Cloud-based emergency alerts are becoming commonplace on campuses.

Marymount College in Palo Verdes, Calif., has switched to a cloud-based emergency notification system after the campus’s old alert technology failed to warn students and faculty of a possible tsunami headed toward the school last spring.

Marymount officials said that the aging emergency notification system not only left the 800-student campus–located near the Port of Los Angeles–without timely warning, but school administrators weren’t able to contact the company in charge of the system as reports swirled of a tsunami off the California coast.

Denise Fessenbecker, the college’s director of general services, said customer service representatives who managed Marymount’s account with the emergency alert company didn’t respond to the school’s requests for six days after the tsunami threats first surfaced.

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“We tried to inform our students near the Port of Los Angeles that there was no danger to the tsunami, but the alerting service failed to function throughout the day,” Fessenbecker said.

The cloud computing-based emergency alert system, called e2Campus, has brought the small private school up to date with major universities that can transmit announcements and warnings from almost anywhere, including from smart phones connected to the web.

More than 800 colleges and universities use e2Campus, including Arizona State University (ASU) and Penn State University (PSU).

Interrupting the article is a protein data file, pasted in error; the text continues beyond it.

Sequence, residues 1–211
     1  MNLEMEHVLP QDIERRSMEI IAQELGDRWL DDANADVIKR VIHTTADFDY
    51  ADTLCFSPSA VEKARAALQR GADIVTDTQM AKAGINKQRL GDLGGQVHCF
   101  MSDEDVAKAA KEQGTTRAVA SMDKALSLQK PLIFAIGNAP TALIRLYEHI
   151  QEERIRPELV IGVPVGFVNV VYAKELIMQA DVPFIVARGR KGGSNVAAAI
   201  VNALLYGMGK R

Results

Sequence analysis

Like a host of cloud-based emergency alert systems, e2Campus can target warnings to where college students spend an inordinate amount of time: on Twitter and Facebook. The system also lets students and faculty members send tips about suspicious on-campus activity to Marymount administrators and campus police.

Using the system’s uConference feature, Marymount officials can arrange private phone conversations with specific groups of students or educators, relaying warnings and vital information as inclement weather approaches, for example.

e2Campus’s hotline tool ensures that students who call the emergency phone number won’t encounter a busy signal if there are too many people on the line, according to the company’s website.

About the Author:

Denny Carter

Dennis has covered higher education technology since April 2008, having interviewed some of the most recognized IT pros in U.S. colleges and universities. He is always updating eCampus News with the latest in pressing ed-tech issues, such as the growing i


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